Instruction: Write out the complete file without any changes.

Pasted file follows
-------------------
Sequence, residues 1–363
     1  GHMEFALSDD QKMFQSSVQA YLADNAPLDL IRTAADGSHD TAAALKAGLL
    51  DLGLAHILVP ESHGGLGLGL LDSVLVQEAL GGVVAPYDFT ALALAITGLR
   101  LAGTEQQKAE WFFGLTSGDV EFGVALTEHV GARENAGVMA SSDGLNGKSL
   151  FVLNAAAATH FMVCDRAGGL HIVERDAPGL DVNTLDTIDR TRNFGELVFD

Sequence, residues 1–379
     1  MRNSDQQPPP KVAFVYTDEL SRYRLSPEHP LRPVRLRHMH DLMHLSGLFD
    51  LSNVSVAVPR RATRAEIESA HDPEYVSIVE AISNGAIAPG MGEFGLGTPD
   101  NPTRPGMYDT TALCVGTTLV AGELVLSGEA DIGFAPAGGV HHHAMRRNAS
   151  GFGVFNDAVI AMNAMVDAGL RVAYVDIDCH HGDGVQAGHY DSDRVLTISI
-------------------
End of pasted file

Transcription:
Sequence, residues 1–363
     1  GHMEFALSDD QKMFQSSVQA YLADNAPLDL IRTAADGSHD TAAALKAGLL
    51  DLGLAHILVP ESHGGLGLGL LDSVLVQEAL GGVVAPYDFT ALALAITGLR
   101  LAGTEQQKAE WFFGLTSGDV EFGVALTEHV GARENAGVMA SSDGLNGKSL
   151  FVLNAAAATH FMVCDRAGGL HIVERDAPGL DVNTLDTIDR TRNFGELVFD

Sequence, residues 1–379
     1  MRNSDQQPPP KVAFVYTDEL SRYRLSPEHP LRPVRLRHMH DLMHLSGLFD
    51  LSNVSVAVPR RATRAEIESA HDPEYVSIVE AISNGAIAPG MGEFGLGTPD
   101  NPTRPGMYDT TALCVGTTLV AGELVLSGEA DIGFAPAGGV HHHAMRRNAS
   151  GFGVFNDAVI AMNAMVDAGL RVAYVDIDCH HGDGVQAGHY DSDRVLTISI